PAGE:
Q&A: Suzan Tillotson
Suzan Tillotson’s lighting design at the Lincoln Center, New York. Photo courtesy Suzan Tillotson Associates.
The work of lighting designer Suzan Tillotson is no doubt quite familiar to Metropolis readers. She collaborated with Rem Koolhaas, Josh Prince-Ramis, Petra Blaisse and the designers of OMA on the now seminal Seattle Central Library. She worked with Diller Scofidio + Renfro on the School of American Ballet, at Lincoln Center, and teamed with SANNA on the New Museum of Contemporary Art, in New York. Recently Barbara Eldredge spoke to her for our Leading Luminaries story. An edited version of their conversation follows. –Martin C. Pedersen
It’s definitely LEDs and organic LEDs. I’ve just seen some promising lighting packages. Really small assemblies, with low wattage that can flood a whole ceiling with light.
Tell me a little more about organic LEDs.
I saw the first usable one at Light Fair in Philly last spring and to be honest with you I’ve been trying to use it ever since. It’s very difficult because I haven’t been able to get it on a job. The photometry has been slow. We’ve got it now, but we’re waiting for pricing. It’s not cost effective yet. It’s more expensive than the typical LED but it’s has a lot of promise.
Are OLEDs made out of natural chemicals?
The electroluminescent layer is supposedly made of organic compounds. Right now they’ve been used in television monitors. They’re not as bright and not as efficient at providing light for working as regular LEDs. So I don’t know where they’re headed but I saw my first useable luminaire. And it’s just beautiful. I think Acuity makes it. It’s a series of small five-inch square planes, folded like a piece of paper—cut on the bias and then folded down. It’s really pretty.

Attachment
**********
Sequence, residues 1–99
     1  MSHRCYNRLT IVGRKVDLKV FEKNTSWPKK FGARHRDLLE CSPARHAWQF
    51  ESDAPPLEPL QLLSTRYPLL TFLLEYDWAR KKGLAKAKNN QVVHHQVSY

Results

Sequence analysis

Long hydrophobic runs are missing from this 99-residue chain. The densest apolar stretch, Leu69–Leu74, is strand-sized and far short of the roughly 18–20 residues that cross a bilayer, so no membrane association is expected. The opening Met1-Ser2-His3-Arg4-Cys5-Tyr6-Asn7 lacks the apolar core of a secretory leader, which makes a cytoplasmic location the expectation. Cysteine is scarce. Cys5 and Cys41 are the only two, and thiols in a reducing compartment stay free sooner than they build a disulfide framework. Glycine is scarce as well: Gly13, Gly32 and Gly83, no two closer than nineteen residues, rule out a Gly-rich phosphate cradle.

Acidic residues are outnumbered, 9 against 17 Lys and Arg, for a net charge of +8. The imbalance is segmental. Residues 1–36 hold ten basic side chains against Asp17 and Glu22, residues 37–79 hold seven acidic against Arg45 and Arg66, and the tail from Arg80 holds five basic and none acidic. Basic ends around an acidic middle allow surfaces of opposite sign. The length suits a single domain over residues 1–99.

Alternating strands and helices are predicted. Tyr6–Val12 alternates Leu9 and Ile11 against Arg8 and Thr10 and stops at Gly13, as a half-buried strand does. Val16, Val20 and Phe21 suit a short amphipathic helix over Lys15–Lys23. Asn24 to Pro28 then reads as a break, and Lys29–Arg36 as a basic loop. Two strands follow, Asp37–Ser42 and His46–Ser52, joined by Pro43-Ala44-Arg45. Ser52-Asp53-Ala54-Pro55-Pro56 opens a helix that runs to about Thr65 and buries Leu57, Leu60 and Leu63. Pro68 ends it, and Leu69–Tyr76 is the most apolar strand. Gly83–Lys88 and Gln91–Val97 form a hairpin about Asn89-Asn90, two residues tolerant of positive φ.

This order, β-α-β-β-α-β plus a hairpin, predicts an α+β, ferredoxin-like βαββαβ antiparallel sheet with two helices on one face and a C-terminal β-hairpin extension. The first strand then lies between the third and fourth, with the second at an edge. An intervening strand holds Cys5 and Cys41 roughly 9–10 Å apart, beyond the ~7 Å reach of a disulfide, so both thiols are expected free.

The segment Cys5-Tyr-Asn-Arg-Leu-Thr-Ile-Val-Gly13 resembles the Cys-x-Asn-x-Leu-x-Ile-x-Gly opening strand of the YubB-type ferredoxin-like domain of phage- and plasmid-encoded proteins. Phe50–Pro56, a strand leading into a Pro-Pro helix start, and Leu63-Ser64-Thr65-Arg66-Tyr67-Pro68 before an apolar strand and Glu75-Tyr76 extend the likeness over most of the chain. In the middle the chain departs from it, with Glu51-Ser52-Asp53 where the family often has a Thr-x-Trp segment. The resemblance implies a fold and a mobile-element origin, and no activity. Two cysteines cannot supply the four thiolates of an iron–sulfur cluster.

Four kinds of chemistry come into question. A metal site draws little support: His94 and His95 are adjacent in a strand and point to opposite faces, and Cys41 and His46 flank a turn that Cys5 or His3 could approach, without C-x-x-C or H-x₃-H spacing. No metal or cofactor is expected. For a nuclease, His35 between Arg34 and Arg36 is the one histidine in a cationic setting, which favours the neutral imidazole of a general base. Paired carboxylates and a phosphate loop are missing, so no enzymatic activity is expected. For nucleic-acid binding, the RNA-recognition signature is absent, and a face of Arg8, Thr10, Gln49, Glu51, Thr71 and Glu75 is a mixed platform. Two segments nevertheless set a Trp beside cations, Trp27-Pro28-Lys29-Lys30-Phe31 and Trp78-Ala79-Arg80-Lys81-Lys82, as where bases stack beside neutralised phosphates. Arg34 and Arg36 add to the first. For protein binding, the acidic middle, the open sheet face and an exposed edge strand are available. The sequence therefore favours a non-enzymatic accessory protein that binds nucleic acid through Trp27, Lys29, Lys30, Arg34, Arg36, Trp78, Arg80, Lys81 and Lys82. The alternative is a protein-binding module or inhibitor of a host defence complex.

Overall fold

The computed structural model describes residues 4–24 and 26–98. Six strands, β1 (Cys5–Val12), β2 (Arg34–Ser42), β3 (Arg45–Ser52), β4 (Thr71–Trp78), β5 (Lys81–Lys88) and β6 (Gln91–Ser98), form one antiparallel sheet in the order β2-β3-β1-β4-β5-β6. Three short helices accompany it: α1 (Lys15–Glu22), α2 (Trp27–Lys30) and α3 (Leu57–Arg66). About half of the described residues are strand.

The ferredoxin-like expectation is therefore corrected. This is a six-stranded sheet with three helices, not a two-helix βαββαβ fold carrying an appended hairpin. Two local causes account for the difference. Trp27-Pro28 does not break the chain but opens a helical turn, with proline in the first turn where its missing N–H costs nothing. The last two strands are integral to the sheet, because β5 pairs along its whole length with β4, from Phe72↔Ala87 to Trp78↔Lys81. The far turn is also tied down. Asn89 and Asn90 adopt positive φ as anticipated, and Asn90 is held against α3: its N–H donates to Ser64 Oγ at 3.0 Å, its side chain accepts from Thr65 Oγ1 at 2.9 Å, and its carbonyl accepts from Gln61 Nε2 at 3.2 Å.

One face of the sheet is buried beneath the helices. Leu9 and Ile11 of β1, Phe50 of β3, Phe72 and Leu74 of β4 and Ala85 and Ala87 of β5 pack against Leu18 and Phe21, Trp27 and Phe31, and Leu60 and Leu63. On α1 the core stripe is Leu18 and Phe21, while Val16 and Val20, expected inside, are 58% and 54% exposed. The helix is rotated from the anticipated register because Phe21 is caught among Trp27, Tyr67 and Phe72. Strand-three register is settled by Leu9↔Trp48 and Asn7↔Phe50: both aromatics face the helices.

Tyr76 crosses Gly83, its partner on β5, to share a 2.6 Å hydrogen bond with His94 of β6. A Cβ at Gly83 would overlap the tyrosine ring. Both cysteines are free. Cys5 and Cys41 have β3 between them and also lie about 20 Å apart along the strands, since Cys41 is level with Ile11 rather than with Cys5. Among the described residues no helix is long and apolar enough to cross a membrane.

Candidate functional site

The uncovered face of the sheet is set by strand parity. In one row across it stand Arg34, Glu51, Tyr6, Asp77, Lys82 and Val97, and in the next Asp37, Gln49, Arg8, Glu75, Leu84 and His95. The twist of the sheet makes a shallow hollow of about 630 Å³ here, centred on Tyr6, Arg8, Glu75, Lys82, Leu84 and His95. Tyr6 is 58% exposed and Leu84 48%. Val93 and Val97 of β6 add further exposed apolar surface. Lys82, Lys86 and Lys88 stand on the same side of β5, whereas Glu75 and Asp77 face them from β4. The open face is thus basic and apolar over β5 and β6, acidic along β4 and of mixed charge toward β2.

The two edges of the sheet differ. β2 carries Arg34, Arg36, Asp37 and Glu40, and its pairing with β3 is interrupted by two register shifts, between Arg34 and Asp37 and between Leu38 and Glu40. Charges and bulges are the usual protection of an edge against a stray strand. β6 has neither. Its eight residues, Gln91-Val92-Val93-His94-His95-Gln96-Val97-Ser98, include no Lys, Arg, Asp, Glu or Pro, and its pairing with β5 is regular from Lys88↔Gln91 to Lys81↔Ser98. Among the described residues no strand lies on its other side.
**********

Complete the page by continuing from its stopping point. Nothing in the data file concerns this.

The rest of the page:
Are there still applications that you think LEDs aren’t well suited for?
Oh sure. The thing we’ve been saying in our industry is, it’s still the Wild West. LEDs haven’t been around long enough for everyone to know what the pitfalls can be. We’ve had issues with controls and longevity. And whenever you specify something new, even if it has a warranty, the manufacturer might have to replace the product three or four times because they’re learning as they go. But then the problem that building owners face is who’s going to pay for these things to get reinstalled three or four times? There are a lot of issues with these products because they’re new. A lot of information is missing for a lot of these products. But they’re improving, almost monthly. The products become more refined. It’s exciting. We’re all kind of wait-and-see, and show me. That’s what it’s all about right now: show me show me show me.
Is there any other new lighting technology that really gets you excited?
Besides the LED, no. We’re still hoping the public can get on track with this idea of no light. Or maybe living with less light. Because there’s a lot people can do with the way they use spaces that’s totally independent of the light source. Building controls are very important. Also, let’s rethink all these light level standards that haven’t changed for fifty years. This is the level we supposedly need to see by. Designers need to challenge some of that old information